This week marks the anniversary of an act of political and theistic extremism that took the lives of scores of innocent victims caught in the familiar drama that often ensues when groups of people choose to hold fast to their ideas about religious identity and adopt murder as the remedy for their political ills when they are under the jackboot of oppression.
The Mountain Meadows Massacre — in which 120 men, women and children were gunned down in cold blood during the early days of America’s expansion into the West — was burned into the American consciousness on September 11, 1857, 144 years before another act of terrorism would sear the fabric that envelopes the American idea that we are free from harm.
In the late 1800s, Mormon settlers had left the geographical United States and taken up refuge in the mountains surrounding the Salt Lake Valley. Other emigrants were headed West as well, and in 1857, a group of travelers, known as the Baker-Fancher party, comprised mostly of Arkansas families, made its way through southern Utah en route to California.
Word spread among Mormon settlers that the Arkansas emigrants were traveling through the Utah Territory with ill-intent and the rumors about the group, coupled with continued federal hostility toward Mormons in and outside of the United States, created an air of hysteria among members of the new religion, which led to the shooting deaths of most of the Baker-Fancher members at a pasture known as Mountain Meadows. Mormon families adopted and raised the youngest members of the party.
More than 100 years later, al-Qaeda jihadists destroyed New York’s World Trade Center and downed a civilian aircraft in rural Pennsylvania and slammed another into the Pentagon, killing 2,996 people from more than 90 countries in the worst terrorist attack on U.S. soil.
The events in Utah and New York — though separated by more than a century — are rooted in the same cause: religious extremism.
Mormons, at the outset of their religion, faced brutal persecution that chased them from the United States and led to the murder of the religion’s founder; and Muslims overseas account for just one of any number of groups vexed by U.S. foreign policy and intervention. Extremism begets extremism and the recipients of extreme injustice will often use political means, e.g., acts of terrorism, to exact revenge on their persecutors — whether real or imagined — which can at times manifest as violence.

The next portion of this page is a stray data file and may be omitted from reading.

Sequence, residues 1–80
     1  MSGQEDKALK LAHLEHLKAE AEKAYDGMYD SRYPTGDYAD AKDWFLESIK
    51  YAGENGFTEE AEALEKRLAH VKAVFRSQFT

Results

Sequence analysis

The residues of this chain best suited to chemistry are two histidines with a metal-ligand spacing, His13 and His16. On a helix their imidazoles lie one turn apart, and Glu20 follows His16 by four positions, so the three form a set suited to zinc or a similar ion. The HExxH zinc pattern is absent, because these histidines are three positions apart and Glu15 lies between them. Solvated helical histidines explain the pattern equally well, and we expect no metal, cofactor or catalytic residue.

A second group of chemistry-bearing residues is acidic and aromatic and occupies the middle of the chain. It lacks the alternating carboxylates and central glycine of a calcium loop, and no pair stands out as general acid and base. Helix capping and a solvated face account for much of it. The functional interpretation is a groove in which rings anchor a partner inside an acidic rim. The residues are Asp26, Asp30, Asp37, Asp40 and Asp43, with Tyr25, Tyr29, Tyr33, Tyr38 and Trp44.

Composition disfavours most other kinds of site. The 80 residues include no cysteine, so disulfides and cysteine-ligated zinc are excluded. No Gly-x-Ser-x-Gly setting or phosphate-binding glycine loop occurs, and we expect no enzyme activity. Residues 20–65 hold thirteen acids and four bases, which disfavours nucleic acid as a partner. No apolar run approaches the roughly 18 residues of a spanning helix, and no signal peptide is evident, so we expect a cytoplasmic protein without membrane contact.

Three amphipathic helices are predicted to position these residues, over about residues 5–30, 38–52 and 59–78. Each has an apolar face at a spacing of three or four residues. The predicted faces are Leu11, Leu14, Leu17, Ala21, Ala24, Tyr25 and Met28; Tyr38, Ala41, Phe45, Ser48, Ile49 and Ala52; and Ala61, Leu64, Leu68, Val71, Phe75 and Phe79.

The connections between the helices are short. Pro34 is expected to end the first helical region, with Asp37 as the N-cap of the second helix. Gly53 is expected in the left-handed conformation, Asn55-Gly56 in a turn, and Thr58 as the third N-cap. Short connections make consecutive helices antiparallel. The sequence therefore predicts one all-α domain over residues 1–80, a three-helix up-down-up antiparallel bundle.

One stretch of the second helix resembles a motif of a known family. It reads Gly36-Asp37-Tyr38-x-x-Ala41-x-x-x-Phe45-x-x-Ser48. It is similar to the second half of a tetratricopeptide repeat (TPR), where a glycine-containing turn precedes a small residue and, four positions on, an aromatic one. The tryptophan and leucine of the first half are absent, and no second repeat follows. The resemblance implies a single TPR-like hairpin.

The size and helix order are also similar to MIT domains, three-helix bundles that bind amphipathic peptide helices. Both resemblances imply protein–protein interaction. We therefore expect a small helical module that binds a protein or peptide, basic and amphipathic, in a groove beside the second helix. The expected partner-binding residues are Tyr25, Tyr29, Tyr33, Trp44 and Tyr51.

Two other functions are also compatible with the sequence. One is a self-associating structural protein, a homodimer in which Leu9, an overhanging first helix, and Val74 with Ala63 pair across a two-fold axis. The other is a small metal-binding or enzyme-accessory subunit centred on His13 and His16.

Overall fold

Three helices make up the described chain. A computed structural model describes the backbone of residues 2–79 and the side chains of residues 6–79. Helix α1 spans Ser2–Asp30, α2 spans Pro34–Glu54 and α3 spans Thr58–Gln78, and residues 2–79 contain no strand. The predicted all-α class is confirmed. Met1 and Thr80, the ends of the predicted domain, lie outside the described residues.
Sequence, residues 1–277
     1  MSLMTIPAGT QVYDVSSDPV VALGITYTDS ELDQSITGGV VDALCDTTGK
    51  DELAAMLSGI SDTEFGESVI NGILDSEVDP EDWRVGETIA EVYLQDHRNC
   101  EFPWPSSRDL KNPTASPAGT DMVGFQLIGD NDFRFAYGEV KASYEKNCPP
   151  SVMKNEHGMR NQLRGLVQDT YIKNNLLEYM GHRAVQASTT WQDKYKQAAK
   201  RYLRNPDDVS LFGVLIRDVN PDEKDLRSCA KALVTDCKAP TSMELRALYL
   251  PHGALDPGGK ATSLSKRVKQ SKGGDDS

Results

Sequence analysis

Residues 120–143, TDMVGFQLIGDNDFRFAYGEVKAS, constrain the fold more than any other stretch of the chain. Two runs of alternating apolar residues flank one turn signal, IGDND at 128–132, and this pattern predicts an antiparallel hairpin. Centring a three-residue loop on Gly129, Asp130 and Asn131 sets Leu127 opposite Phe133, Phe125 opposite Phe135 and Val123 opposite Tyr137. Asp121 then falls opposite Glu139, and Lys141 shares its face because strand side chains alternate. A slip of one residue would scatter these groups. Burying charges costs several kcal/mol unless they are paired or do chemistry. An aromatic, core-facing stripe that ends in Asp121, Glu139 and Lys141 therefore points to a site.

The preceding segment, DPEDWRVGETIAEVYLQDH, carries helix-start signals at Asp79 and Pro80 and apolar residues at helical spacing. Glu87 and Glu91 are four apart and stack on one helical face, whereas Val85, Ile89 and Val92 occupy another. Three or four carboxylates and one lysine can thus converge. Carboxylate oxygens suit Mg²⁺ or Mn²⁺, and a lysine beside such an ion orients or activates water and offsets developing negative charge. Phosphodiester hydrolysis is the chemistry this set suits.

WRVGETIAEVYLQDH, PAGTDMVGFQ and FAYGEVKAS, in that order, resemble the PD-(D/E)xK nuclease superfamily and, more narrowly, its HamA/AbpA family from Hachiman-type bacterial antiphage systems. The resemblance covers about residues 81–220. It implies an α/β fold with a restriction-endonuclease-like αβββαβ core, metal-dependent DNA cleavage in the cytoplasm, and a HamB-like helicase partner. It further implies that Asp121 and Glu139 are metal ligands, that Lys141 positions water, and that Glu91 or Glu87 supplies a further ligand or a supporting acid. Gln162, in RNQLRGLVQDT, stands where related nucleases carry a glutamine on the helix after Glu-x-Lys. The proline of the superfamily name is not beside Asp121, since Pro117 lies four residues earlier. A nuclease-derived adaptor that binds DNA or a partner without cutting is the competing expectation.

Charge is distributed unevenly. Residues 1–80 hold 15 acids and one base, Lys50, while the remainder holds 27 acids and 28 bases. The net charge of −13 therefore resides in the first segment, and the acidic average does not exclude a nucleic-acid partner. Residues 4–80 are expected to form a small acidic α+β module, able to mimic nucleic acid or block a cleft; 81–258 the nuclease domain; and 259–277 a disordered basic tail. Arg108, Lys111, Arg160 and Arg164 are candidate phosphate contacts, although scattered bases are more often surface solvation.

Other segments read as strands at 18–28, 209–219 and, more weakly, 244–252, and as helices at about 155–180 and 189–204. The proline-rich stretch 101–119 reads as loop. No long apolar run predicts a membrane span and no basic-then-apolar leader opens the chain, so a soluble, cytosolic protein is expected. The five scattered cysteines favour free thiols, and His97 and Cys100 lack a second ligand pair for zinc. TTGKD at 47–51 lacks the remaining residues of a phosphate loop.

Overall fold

The antidote, of course, to religious extremism is agnosticism — the moderating view that the truth about any theistic philosophy is unknown. The extreme anti-Mormon sentiment of old could have been tempered by this view and today’s animus toward all things Islam can also be dealt a measure of reason by adopting the idea that the practice of faith (also known as belief), in any particular religion, doesn’t equate to the principle of knowledge (also known as certainty).
To be agnostic about anything is to operate without knowledge about a particular subject, something that is separate and apart from belief. The moderating force of agnosticism can be seen in the political dealings of American elected officials.
President George H.W. Bush, an Episcopalian, carried out his conservative philosophy in a manner far different than the conservative approach of his son, President George W. Bush, a born-again evangelical Christian. The Episcopal Church, once mocked as the Republican Party a prayer, is a less rigid religious and political operation than the equally Republican-dominated evangelical movement, which has pushed GOP politics more and more to the right in recent decades.
The difference is in the right-mindedness of the two camps. It is difficult to lobby strongly for a particular position when you are not unalterably convinced in the failure of another’s opinion — this is true in religion and it is true in politics. Putting an end to acts of religious and political extremism requires an agnostic approach to human governance, one that privileges certainty (better known as knowledge), or the lack thereof, over belief (more familiar to us as faith).
Only then can we put an end to all future 9/11s.